A few years ago I bought a Holbrook 10B 10" swing 20" centres lathe, believed to have been bought new aroung 1983/4; to replace my ageing south bend underdrive. The south bend was a very good lathe but this is even better, much more rigid, metric & imperial gearbox, metric & imperial direct reading dials . However Tony's lathes web site doesn't make any reference to this model, the Holbrook forum seem to take the view that they dont exist , so what is the story behind them? I seem to recall them being advertised or featured in ME in the 1980's but certainly weren't within my budget then! Mine is number 18 and I bought a vertical slide( the only accessory mine didnt have ) from a guy who was selling one numbered in the 20's if i recall. So anybody know anything? how many were built, were they a flop? if so it must have been price because the quality is great. The best bit for me is that the nose is exactly as per the south bend so all my chucks collets etc fitted directly on.
Hopefully somebody can shed some light .
|Thread: TRACTION ENGINE CYLINDER TO BOILER SEALING|
I am looking to seal the same joint on a 3" Burrell which doesn't have the raised pad . I have boss white on stock. is this suitable instead of foliac ?
|Thread: Foam parts storage|
Thanks Everyone for your advice, the pick and pluck has done the job wonderfully and there is an added bonus for a tightwad like me, - if you take all the bits you have " plucked " out and stick them to the bottom of your box, or a baseboard; with spray-mount adhesive you get to use all those pieces as an extra new section of pick & pluck.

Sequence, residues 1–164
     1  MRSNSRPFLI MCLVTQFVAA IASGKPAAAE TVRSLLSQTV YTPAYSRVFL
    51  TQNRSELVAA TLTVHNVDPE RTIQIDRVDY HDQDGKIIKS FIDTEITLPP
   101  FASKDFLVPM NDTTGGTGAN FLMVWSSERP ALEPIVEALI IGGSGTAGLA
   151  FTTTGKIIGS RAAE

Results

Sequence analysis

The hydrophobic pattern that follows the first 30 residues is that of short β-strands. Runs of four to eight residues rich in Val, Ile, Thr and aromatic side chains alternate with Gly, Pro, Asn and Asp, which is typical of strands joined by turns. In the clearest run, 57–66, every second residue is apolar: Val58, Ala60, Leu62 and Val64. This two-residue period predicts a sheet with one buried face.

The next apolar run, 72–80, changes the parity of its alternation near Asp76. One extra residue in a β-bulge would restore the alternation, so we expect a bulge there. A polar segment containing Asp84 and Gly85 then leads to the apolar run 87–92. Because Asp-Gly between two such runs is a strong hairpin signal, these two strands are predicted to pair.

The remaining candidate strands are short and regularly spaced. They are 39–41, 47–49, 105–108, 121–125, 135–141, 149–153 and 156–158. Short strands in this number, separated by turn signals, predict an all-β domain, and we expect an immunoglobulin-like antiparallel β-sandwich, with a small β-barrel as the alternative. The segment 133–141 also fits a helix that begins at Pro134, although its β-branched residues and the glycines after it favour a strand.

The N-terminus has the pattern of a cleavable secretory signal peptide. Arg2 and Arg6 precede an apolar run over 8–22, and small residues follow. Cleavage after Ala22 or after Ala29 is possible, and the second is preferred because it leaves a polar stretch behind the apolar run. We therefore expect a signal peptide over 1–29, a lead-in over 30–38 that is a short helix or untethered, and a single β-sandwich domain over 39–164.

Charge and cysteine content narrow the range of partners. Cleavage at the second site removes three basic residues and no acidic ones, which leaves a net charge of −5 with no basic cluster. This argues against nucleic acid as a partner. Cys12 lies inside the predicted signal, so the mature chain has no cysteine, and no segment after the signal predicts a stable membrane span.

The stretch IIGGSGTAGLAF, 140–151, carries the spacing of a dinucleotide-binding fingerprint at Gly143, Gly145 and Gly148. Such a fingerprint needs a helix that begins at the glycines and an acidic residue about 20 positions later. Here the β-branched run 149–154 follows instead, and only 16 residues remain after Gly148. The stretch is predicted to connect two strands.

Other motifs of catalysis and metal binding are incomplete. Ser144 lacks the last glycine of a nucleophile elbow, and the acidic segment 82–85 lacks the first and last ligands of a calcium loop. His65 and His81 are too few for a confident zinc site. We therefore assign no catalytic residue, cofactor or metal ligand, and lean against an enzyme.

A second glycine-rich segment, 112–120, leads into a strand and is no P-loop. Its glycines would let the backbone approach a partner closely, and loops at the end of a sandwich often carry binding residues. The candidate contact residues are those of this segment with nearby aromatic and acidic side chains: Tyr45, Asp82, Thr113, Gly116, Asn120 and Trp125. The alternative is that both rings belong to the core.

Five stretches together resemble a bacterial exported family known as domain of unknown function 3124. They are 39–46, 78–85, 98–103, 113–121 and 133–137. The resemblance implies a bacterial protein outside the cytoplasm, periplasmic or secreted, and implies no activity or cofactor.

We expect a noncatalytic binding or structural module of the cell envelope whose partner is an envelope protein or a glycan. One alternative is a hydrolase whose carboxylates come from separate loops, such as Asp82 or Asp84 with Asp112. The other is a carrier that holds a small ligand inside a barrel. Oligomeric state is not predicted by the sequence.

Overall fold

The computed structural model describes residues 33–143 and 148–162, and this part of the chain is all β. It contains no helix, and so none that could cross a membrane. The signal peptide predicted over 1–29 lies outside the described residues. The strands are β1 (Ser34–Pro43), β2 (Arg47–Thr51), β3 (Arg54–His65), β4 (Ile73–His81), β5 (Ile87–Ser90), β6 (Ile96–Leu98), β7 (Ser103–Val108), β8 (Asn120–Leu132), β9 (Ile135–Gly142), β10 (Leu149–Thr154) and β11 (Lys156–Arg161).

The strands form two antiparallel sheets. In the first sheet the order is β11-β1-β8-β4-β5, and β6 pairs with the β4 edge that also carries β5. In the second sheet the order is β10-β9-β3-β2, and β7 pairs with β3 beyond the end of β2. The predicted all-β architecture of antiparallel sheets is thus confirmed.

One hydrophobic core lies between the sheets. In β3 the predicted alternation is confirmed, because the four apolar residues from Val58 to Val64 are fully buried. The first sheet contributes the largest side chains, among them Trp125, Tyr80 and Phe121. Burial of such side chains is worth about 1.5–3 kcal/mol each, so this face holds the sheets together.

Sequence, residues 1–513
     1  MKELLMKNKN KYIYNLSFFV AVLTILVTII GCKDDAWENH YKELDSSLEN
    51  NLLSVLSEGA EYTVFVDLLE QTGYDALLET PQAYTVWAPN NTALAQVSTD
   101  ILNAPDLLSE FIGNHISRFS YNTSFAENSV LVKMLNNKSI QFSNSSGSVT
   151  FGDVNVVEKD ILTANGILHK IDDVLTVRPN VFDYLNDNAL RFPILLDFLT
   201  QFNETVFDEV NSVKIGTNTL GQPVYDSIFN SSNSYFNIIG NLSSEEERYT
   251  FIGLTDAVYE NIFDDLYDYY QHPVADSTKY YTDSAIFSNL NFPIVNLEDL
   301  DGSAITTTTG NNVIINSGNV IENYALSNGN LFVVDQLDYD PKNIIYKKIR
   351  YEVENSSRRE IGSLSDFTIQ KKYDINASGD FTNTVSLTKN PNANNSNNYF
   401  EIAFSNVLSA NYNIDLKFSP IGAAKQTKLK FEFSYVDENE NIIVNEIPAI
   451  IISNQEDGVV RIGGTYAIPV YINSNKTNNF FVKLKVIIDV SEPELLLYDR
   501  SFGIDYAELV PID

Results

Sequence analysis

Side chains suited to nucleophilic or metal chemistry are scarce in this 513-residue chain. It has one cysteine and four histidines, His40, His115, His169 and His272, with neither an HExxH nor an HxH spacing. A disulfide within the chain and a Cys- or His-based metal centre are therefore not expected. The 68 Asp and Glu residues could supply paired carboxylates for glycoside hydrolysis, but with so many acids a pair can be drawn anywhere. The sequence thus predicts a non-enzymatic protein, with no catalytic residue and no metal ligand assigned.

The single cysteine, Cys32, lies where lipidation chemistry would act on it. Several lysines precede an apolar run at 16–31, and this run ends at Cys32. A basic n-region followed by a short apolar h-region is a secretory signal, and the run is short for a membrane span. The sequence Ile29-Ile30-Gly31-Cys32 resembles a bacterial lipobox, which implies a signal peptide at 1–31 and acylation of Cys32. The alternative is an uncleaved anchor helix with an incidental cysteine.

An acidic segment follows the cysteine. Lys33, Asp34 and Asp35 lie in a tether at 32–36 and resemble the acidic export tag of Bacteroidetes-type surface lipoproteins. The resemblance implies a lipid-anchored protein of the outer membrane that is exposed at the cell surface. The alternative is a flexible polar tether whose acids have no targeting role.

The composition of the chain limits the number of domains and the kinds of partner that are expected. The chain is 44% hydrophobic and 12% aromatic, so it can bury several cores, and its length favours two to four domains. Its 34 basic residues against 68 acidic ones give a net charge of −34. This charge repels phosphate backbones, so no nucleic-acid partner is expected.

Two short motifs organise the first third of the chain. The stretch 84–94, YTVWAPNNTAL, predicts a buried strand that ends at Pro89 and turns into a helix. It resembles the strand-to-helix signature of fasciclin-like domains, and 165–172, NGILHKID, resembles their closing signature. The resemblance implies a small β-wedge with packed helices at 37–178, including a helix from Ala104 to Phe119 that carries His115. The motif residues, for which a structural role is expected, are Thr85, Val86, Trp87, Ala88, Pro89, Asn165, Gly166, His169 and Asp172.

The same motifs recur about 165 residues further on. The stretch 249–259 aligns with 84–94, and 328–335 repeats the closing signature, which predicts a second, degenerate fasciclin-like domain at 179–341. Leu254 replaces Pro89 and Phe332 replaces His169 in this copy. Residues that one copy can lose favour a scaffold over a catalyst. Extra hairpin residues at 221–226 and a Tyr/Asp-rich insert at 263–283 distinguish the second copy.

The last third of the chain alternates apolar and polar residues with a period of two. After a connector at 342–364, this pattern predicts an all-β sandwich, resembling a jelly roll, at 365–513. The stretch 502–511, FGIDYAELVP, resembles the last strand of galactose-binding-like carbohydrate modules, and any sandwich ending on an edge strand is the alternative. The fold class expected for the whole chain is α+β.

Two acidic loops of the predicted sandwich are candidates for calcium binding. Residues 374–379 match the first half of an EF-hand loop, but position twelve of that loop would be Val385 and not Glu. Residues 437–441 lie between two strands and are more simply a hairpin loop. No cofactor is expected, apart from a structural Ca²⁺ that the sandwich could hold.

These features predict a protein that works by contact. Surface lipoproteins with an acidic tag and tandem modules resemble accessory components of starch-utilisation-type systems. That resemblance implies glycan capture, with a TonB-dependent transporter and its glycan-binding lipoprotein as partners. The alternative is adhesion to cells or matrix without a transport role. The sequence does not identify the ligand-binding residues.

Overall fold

Thanks once again.
|Thread: Name plates|
I made up a number of nameplates using the " press n peel " stuff mentioned in John Baguley's website . These were for makers nameplates for a small 2.5 Gauge loco but the definition turned out fine and once the background was painted and the upstand polished, really looked good. There are a number of tricks to getting the photo etch film clearly defined without smudging but once you get the hang of it i suggest the process is very effective. Instead of ironing the film on as many suggest I placed the brass on the iron with the film fixed on top and used a wooden wallpaper seam roller to impress the image on the plate. Also warming and agitating the Ferric solution helps. Think gentle warmth ( airing cupboard top of cylinder ) and an aquarium air pump for example. Its a slow process, a good etch takes a few days, but in my experience the end result is well worth it. Hope this helps.